(Nazi occupied Sarajevo, 1943)
If one could turn the clock back to the 1990s when men like Slobodan Milosovic and places like Srebrenica were in the news they would recall the horror that they felt. People could not fathom what the Serbs, Croats, and Muslims hoped to gain from all the violence, particularly since the origins of the conflict go back at least to the 4th century AD with the creation of the Byzantine Empire. The events of World War II are also part of the Balkan puzzle that we still grapple with today that are displayed in a very thoughtful and chilling manner in Luke McCallin’s novel THE MAN FROM BERLIN. The war forms the backdrop for the fight between the Ustase, Serb nationalists, and partisan forces as they struggle for the soul of postwar Yugoslavia.
On his third tour of Yugoslavia during World War II, Abwher Captain Gregor Reinhardt finds himself recovering from a drinking binge the night before when he summoned to report to Major Ulrich Freilinger to investigate the murder of an intelligence colleague, and a woman he was with. A number of problems immediately emerge, one, Reinhardt has not worked a murder case in over four years, and second, the Sarajevo Police Inspector Putkovic claimed his department had jurisdiction in the case, in addition it appeared that the policeman put in charge, Inspector Andro Padelin a member of the Ustase, was a racist and anti-Semite and cared only in solving the crime against Maija Vukic. Vukic was a well-known film maker and journalist who was a fervent supporter of a Croatian state and freedom from the Serbs. The fact she had once danced with Reinhardt at a Nazi Party function did not detract from his main goal of locating the killer of Stefan Hendel, the Abwher agent.
There are numerous candidates for the murderer. Was the individual a Chetnik, a Slavic Nationalistic guerilla force; an Ustase, Croatian fascist; a Yugoslav Royalist; or a member of the partisans under Jozip Broz Tito; or perhaps someone else? Reinhardt not only has to navigate these groups but there are also SS fanatics and some who want to get rid of Hitler on the German side. With so many contending groups fighting for control in the Balkans McCallin does a nice job conveying the contentious atmosphere that existed in Yugoslavia that permeates the novel. What is clear is that the politics of the Balkans throughout the war was byzantine and extreme.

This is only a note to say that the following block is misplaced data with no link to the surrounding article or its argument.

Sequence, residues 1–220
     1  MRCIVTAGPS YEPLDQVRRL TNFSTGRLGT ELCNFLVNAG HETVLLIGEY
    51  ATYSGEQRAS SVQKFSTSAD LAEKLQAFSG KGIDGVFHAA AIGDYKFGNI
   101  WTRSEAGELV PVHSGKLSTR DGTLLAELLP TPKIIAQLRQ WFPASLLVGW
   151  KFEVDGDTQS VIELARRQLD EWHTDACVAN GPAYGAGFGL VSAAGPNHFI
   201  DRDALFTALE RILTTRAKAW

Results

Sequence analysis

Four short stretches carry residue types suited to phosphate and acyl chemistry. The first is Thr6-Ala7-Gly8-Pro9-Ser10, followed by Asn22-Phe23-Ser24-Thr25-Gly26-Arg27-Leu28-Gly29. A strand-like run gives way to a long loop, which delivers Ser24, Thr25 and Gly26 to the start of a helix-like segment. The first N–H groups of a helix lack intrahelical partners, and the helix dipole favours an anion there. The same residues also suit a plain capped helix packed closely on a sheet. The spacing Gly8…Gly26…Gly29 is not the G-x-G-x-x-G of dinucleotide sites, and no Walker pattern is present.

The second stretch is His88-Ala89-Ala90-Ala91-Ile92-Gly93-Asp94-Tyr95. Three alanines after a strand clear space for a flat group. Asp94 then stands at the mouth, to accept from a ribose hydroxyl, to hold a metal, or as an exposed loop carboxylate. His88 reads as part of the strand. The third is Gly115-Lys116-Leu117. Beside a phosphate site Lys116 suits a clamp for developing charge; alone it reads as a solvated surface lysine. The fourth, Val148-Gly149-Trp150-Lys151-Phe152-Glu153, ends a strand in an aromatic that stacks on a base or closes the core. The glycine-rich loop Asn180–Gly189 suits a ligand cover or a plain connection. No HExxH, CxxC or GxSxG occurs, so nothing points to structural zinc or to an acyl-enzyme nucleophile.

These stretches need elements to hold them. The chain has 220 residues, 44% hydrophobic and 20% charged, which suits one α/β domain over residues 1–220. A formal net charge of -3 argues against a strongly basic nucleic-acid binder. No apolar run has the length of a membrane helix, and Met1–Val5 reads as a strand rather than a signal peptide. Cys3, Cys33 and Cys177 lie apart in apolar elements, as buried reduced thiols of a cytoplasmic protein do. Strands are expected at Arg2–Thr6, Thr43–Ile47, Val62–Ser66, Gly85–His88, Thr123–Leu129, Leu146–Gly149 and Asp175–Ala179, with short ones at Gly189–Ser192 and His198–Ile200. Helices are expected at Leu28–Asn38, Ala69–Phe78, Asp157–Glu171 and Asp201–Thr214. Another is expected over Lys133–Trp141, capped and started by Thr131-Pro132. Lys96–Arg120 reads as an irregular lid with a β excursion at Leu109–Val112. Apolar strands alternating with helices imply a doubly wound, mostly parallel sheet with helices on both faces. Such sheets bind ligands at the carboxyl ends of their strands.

The characters that McCallin creates are unique and at times very difficult to comprehend. They are people with principles or are they confused or in fact traitors. Whatever the truth may be the reader will develop respect for certain individuals and scorn for others. McCallin’s characters are indeed fascinating, among them are Dr. Muamor Begovic, a medical examiner for the Sarajevo police, but also a communist partisan. Major Becker, a nasty and sadistic individual who is second in command of the Feldgendarmerie or military police and a former Berlin Kripo detective with Reinhardt. Captain Hans Thallberg, an officer in the Geheime Feldpolizi (Secret Police) who admires Reinhardt and tries to assist him. Inspector Andro Padelin of the Sarajevo police or Ustase, ordered to work with Reinhardt. General Paul Verhein, the German commander 121st Jager, whose life journey and loyalties are hard to imagine. Among these individuals McCallin introduces many people from Reinhardt’s past. His wife Caroline, son Friedrich, Rudolph Brauer, his best friend, and Colonel Thomas Meissner, his mentor that provide insight into these person Reinhardt will become.
Reinhardt was a man who loved his country, but hated what it had become. He treasured the friends he made in the army, but grew to hate the uniform they wore. After the 1936 Olympics, Kripo, the Berlin police were integrated into the Gestapo and Reinhardt had refused to join. He was posted to Interpol because the Nazis needed his aura of professionalism and his solid reputation. Once it became clear he was working to perpetuate Nazism he became conflicted because he needed the money to pay for his wife’s medical treatments before she died. Colonel Meissner would step in and gets him transferred to the Abwher, German intelligence, which reflects what a flawed and conflicted man he was.
It is as an Abwher agent that McCallin develops Reinhardt’s character and the story that forms the core of the novel. As McCallin spins his tale it is a searing ride with a conclusion that is nuanced and compelling. It is a plot that should rivet the reader to each page, and fortunately the author brings his story to an ending in such a manner that he leaves enough room to create a sequel entitled, THE PALE HOUSE.
(Nazi occupied Sarajevo, 1943)